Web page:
Instead of depleting someone’s assets – including the family home – down to £23,250 as happens now to meet care home bills, this floor would be raised to £100,000 for everyone using care services.
Homes would not have to be sold to meet care bills until after an elderly person and a surviving partner who lived with them had died, and no one with assets below £100,000 including property would pay anything.
Crucially, however, the manifesto plan on social care dropped a previous Tory pledge to introduce a cap on care costs put forward by the Dilnot review – expected to be about £80,000.
The plan caused on outcry, as critics claimed elderly people would face an unfair health and postcode lottery.
No-one knows what kind of help they will end up needing in old age, but certain conditions like dementia can require assiduous long-term care, while others are fatal immediately so require none.
However, supporters suggest that rising care costs will need to be paid for somehow, and this method would mean that those who require care would not have to sell their homes during their lifetimes to pay for care, while care costs of those with valuable assets would not be paid for in full by other taxpayers who may be struggling to make ends meet.
No sooner had the policy been unveiled and backlash triggered than Theresa May added another crucial proposal to the plan – the return of a cap to the amount of money one individual could be asked to pay.
This sum would be decided through a consultation process.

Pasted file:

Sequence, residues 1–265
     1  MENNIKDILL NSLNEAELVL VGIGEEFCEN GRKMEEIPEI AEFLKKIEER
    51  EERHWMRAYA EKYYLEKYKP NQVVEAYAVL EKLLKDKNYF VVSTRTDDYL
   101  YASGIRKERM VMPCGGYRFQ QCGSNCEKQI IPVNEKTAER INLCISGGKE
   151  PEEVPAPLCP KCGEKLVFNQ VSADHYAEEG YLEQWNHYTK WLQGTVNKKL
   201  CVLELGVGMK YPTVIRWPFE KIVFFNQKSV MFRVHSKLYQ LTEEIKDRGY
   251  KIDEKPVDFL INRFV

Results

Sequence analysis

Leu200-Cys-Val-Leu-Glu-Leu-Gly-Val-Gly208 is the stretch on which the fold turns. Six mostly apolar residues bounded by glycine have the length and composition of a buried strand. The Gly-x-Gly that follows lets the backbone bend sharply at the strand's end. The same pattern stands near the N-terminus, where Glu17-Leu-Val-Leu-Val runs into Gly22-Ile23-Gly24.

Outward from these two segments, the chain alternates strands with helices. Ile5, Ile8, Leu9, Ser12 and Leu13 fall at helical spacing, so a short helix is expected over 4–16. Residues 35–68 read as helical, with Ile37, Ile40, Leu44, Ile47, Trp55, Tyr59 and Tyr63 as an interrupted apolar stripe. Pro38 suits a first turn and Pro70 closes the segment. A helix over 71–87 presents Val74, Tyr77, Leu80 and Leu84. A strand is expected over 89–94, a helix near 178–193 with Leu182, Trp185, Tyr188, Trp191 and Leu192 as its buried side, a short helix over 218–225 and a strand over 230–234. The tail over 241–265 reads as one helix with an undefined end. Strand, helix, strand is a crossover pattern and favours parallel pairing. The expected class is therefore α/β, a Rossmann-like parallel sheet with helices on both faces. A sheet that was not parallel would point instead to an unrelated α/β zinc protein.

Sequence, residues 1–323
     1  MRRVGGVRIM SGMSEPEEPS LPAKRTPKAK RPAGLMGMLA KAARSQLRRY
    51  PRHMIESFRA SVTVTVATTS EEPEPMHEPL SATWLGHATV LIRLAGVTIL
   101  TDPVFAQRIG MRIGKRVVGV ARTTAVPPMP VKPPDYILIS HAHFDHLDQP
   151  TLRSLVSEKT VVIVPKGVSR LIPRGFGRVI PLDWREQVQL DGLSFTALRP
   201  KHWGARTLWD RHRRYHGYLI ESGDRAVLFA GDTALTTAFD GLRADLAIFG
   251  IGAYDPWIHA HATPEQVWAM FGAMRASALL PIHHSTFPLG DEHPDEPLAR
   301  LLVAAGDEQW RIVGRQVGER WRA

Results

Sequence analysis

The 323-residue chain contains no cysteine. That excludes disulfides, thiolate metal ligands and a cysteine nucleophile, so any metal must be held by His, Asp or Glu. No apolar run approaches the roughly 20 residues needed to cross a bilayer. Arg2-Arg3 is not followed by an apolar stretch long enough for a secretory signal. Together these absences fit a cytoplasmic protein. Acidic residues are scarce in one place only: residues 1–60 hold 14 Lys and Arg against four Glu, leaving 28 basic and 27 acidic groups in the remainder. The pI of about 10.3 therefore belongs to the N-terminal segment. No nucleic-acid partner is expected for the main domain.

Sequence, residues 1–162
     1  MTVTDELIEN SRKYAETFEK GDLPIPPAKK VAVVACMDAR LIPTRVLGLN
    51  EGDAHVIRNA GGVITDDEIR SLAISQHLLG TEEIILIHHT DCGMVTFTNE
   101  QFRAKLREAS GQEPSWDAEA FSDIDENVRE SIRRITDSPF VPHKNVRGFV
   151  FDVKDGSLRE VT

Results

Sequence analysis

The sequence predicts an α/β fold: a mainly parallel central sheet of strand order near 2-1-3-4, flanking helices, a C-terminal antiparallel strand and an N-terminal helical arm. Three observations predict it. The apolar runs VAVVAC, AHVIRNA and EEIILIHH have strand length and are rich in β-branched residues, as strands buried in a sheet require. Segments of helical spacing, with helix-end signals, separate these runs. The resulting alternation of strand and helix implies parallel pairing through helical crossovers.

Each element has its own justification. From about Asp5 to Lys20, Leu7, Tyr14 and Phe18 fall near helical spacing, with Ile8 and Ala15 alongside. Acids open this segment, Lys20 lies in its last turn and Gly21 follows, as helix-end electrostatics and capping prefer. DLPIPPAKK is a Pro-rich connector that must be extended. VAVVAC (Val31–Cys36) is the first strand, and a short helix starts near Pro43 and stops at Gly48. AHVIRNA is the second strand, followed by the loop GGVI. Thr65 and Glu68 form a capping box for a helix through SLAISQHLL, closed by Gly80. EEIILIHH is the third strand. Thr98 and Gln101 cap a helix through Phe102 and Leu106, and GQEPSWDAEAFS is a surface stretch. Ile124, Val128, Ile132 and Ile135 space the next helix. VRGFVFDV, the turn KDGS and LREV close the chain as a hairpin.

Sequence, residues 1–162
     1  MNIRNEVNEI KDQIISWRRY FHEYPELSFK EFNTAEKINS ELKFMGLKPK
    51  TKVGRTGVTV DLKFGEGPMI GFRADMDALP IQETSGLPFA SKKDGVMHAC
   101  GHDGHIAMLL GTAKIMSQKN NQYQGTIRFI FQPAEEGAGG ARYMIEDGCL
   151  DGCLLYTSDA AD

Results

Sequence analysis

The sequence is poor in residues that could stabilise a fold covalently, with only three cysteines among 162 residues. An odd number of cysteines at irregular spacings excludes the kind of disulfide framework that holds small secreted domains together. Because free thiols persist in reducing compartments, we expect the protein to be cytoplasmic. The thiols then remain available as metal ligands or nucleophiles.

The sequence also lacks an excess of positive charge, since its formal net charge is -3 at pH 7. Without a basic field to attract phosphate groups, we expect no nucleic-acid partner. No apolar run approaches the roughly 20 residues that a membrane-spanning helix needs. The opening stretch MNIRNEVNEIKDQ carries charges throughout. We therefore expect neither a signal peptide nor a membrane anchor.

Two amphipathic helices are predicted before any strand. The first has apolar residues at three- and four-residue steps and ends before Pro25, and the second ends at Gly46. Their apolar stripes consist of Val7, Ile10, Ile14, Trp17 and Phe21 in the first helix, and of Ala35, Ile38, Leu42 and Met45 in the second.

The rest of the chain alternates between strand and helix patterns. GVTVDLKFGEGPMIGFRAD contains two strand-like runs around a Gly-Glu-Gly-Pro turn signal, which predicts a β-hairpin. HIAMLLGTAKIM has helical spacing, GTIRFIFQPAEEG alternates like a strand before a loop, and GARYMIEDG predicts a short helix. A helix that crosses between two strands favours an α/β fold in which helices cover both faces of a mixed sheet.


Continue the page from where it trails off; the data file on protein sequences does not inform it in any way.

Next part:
Now the whole shebang has been thrown into jeopardy. What government would risk taking on an issue as prickly as this right now?
Could there finally be support for women hit by changes to the state pension age?
Millions of women born in the 1950s will be left worse off as a result of the government hastening rises in women’s retirement ages over the next few years.
Some 2.6million women received just five years’ notice of an extension to their pension age, many of whom had been banking on being able to retire earlier.
Their treatment led to the creation of the Women Against State Pension Inequality campaign – or WASPI as it’s known.
Until now, the government has maintained that it cannot do anything to help these women.
However, the DUP manifesto says that it will ‘support an end to the unfair treatment of women pensioners’.
If the DUP form a government with the Conservatives, it will find itself wielding considerable power. Will it use this to come up with a deal for WASPI?
Summer holidays could be more expensive this year
The pound has been all over the place this morning against the euro and the dollar.
Last night, as the TV exit polls revealed a potential hung parliament, the pound dropped from $1.295 to $1.275 – with the 1.5 per cent drop the biggest daily move seen since October.
After regaining some ground overnight, sterling slipped again this morning and was trading at a low of $1.264 at 7.30am, before rising back up to $1.271
Sterling has also fallen against the euro from €1.153 to dip below €1.13 but then rise back to €1.136.
A volatile day is expected on the currency markets, and the pound has fallen due to traders’ fears there will be a struggle to form a UK government and that no overall party majority will lead to greater uncertainty over Britain’s future financial direction and what happens with the Brexit negotiations.
This uncertainty could well continue over the coming months, should a weak government form leading to leadership tussles and potentially another election in the autumn. All of this will be seen as detracting attention from Brexit negotiations.
Therefore there is a chance that the currency will also stay volatile, likely to affect those who are planning their summer holidays abroad.
British holidaymakers are already likely to see that their cash does not go as far this year as last, thanks to falls in the sterling since the Brexit vote. This election could make holidays abroad even more expensive.